To move the COG forwards, make a mark with a pen on the rocket where the COG needs to be and then tape coins to the front of the rocket (at point w). Once you have found out how many you need, you can make a neat job of it with tape (or glue) so that the aerodynamic qualities that you have devoted so much of your time to are not lost.
I found that for the 2 litre bottle that I did this to, I needed 8 x 2p pieces - for the 1 litre and 250 ml, I needed 6 x 2p pieces. (A UK 2 pence piece weighs approximately 7 grammes or ¼ ounce).
See Bottle Modifications for Better Flights for an explanation of air and water flow.
We now have a water rocket that is aerodynamically sound. We know that we will be able to pump it up to a pressure of between 4 and 6 BarG (between 60 and 90 psig) and we can measure it. So, how do we know how much water to put in it?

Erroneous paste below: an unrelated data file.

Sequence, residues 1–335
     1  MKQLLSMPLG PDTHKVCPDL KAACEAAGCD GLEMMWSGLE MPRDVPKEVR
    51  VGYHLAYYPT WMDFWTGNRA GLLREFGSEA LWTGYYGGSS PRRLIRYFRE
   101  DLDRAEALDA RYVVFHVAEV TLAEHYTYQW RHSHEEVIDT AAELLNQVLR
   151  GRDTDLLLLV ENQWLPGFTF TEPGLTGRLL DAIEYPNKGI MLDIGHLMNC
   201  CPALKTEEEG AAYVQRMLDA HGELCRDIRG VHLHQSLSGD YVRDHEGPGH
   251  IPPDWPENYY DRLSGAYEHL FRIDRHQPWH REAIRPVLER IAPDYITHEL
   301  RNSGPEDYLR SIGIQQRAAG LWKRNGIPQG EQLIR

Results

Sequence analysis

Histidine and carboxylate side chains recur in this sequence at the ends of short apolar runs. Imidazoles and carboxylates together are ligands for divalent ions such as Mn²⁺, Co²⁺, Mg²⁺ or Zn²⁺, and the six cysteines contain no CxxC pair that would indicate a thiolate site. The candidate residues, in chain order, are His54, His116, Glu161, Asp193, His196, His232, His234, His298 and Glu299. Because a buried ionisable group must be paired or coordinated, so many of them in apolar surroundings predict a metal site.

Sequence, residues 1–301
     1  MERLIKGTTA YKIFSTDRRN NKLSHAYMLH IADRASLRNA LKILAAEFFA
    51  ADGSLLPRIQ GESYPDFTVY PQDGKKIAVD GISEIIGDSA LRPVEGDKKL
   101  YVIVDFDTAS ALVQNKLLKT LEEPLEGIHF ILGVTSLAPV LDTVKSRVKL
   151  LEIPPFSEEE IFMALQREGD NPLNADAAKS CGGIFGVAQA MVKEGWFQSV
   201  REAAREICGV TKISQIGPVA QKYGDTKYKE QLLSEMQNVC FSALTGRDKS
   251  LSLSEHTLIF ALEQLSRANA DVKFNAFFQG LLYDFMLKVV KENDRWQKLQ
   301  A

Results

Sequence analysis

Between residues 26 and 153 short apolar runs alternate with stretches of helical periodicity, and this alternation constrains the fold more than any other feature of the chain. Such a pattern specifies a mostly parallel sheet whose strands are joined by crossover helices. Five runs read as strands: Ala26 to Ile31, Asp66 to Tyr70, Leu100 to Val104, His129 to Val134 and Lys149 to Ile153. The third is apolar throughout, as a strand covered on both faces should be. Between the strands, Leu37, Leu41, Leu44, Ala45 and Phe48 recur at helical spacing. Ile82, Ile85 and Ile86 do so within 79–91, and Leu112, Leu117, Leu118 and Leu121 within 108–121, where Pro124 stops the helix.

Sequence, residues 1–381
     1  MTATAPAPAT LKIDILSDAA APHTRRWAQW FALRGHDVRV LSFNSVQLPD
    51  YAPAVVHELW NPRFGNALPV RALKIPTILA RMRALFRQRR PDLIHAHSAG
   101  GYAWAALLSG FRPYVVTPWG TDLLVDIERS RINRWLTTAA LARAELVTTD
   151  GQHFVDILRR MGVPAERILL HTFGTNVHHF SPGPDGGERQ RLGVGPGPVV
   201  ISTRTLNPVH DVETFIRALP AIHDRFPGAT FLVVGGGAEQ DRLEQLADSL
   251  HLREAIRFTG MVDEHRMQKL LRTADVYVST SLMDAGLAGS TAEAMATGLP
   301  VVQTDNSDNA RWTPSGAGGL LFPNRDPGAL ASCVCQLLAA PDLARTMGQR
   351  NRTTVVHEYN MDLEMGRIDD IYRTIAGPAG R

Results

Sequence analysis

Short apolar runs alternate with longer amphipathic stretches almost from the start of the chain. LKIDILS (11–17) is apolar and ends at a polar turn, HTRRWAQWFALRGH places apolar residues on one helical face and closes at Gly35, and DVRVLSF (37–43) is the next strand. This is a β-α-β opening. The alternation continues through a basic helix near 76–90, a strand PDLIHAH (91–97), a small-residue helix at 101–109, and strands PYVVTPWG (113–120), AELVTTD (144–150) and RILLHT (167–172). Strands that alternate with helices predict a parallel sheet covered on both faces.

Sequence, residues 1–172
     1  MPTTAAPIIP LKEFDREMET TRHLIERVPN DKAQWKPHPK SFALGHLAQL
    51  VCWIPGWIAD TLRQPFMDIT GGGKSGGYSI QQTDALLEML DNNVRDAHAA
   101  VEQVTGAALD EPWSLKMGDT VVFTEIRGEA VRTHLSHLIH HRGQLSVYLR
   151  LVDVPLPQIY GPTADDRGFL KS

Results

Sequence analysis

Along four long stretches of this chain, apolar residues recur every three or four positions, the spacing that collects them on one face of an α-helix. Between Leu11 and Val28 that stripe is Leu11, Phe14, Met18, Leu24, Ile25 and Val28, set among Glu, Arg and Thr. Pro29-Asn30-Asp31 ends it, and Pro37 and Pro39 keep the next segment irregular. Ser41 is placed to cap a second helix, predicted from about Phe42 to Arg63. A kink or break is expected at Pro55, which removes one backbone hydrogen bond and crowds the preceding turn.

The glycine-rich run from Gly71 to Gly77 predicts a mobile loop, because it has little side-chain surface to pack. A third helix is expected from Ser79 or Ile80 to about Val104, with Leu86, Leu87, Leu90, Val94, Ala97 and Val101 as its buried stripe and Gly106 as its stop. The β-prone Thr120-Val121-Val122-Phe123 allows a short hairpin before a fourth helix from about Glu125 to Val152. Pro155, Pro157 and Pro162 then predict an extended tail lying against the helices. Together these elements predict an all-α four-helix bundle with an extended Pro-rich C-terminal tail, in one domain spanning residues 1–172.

We need to know its tare weight, capacity, diameter and nozzle dimensions to be able to work out how much water it will need for a flight with the greatest height.
We can measure its nozzle, body diameter and weight it empty to get its tare weight but we have changed its capacity so we don't know that any more - the volume of liquid it had when you bought it was not the same as its nominal capacity either and in addition, there has to be a certain amount of ullage (head space) so as to take into account the expansion of the liquid when it gets hot so that the bottle doesn't burst in the shop. All we can do is measure it and the best way to do that is as follows. . .
Weigh the rocket empty (you will need this for the computer model anyway). Fill it to the top with water and weigh it again. Take the former from the latter and you have your capacity (close enough) as, for the purposes of water rocketry, 1 gramme equals 1 cm³.
These figures were then fed into my computer model and the weights in the table below and graph on the right were calculated to be the optimum for the pressure range considering the diameters of the different rockets.